Indiana Dems follow Wisconsin Dems to Illinois, fleeing anti-union vote

Union members from throughout Indiana protest several anti-labor bills outside the Senate chambers at the Indiana Statehouse, Tuesday, Feb. 22, 2011, in Indianapolis. Matt Detrich,AP Photo/The Indianapolis Star

unions, Indiana
Union members from throughout Indiana protest several anti-labor bills outside the Senate chambers at the Indiana Statehouse, Tuesday, Feb. 22, 2011, in Indianapolis.
Matt Detrich,AP Photo/The Indianapolis Star


Updated at 4:45 p.m. ET with Daniels' statement urging Republicans to set aside the legislation.

Taking a page from the Democratic playbook in Wisconsin, Indiana Democrats fled to Illinois today to thwart Republican efforts to pass anti-union legislation.

Only two of 40 Democrats were present for today's Illinois House session, the the Indianapolis Star reports, depriving the legislative body of the 67 lawmakers needed to call a quorum and conduct official business. The two Democrats present were there in the event they needed to make a motion and second a motion, to ensure Republicans did not conduct any business without a quorum, according to the Star.

An unnamed source told the newspaper that the Democrats likely fled to Illinois, where Democratic Gov. Pat Quinn would likely help the lawmakers avoid being taken into police custody and returned to Indiana. When asked whether he would call Indiana State Police to round up the lawmakers, Republican Indiana House Speaker Brian Bosma said, "We'll see how the day goes."

Wisconsin Democrats similarly fled to Illinois last week to avoid an anti-union vote and have yet to return.

Indiana Democratic chair Dan Parker told the Washington Post that he was not sure if all of the Democratic House members had left the state yet, but that "they are not going to allow Republicans to try to lower wages for middle-class Hoosiers."

"Republicans have decided to bring their Wisconsin assault to Indiana, and we're not going to just sit around and take it," he said.

At issue is a Republican bill that would prohibit union membership or fees from being a condition of employment. Supporters call it the "right to work" bill and argue that obligatory union dues -- even for those who do not join a union -- are an impediment to business in the state. Opponents, who call it the "right to work for less" measure, argue it would weaken unions and thus drive down wages.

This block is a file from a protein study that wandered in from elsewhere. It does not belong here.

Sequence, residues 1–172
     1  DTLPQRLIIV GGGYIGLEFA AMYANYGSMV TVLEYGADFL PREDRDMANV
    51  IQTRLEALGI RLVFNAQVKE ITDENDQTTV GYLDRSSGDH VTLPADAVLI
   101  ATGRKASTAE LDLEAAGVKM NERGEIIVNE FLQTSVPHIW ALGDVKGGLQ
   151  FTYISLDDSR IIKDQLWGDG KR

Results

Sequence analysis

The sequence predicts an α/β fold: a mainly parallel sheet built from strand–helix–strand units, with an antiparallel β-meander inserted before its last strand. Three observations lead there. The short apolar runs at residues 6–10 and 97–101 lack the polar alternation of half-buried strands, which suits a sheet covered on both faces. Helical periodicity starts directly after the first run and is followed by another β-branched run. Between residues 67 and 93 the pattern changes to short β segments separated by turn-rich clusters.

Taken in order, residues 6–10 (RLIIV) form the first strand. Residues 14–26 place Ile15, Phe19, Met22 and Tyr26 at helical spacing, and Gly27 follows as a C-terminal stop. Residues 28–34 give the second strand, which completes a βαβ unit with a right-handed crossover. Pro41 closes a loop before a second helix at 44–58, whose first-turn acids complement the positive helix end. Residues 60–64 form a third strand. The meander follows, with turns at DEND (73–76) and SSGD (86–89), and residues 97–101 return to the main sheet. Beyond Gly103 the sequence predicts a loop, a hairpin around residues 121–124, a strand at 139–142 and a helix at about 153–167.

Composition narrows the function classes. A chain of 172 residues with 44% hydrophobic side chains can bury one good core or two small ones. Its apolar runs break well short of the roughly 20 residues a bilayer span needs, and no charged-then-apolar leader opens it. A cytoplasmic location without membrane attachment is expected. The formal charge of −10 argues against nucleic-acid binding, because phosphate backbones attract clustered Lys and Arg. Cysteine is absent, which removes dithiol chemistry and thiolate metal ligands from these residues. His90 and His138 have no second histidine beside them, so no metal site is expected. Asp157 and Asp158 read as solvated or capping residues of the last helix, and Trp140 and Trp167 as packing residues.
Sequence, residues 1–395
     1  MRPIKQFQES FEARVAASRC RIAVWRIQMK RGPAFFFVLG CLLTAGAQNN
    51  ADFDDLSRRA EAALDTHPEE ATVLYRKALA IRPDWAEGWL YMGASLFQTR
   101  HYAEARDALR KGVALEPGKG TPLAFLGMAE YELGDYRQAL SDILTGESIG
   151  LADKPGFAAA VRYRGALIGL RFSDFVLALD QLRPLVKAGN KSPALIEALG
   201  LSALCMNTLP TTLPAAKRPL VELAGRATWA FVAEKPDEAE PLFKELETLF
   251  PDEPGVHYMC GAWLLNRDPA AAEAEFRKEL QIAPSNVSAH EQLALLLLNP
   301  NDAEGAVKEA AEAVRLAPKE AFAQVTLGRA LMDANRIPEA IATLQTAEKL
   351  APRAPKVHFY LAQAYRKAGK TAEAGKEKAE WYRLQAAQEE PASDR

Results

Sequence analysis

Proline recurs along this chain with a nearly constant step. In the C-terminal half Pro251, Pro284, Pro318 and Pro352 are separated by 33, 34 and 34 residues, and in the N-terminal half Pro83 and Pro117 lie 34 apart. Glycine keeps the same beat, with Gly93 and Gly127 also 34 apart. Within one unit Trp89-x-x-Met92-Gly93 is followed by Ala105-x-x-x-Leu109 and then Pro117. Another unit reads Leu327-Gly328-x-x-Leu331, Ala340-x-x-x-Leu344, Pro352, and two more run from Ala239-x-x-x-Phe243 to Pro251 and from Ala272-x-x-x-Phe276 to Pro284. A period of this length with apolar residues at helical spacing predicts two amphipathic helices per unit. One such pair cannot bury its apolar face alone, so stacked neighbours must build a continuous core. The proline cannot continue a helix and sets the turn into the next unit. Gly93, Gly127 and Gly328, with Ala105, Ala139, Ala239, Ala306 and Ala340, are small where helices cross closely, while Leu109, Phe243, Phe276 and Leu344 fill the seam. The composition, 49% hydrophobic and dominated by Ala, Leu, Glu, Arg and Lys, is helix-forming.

Republican Indiana Gov. Mitch Daniels has said he supports the policy but has said other legislative matters should come before this, according to the Star. Daniels gave a statement to WISH-TV today, saying, "For reasons I've explained more than once I thought there was a better time and place to have this very important and legitimate issue raised."

Furthermore, the governor said he won't be sending the state police after the Democrats. "I'm not gonna divert a single trooper from their job of protection the Indiana public," he said. "I trust that people's consciences will bring them back to work."

Still, on NPR on Monday, Daniels praised Republican Wisconsin Gov. Scott Walker for pushing legislation in his state that would scale back collective bargaining rights for public unions.

"I think that what [Wisconsin Gov. Scott Walker] is trying to do is in the public interest," Daniels said. "The most powerful special interests in America today are the government unions."

Thousands of workers protested at the Indiana Statehouse Monday morning, according to the Associated Press, and the AFL-CIO is leading continuing rallies today. Rallies continue today in Wisconsin as well.

Meanwhile, union protests are also continuing in Ohio, where police and firefighters stand in opposition to a Republican plan to weaken collective bargaining rights, the Cleveland Plain Dearler reports.

As the debate over public spending and unions continues to spread across the country, more lawmakers are weighing in. On CBSNews.com's "Washington Unplugged" yesterday, Republican Virginia Gov. Bob McDonnell reiterated his support for Walker, saying, "every governor's got tough choices to make."

Watch the interview below:

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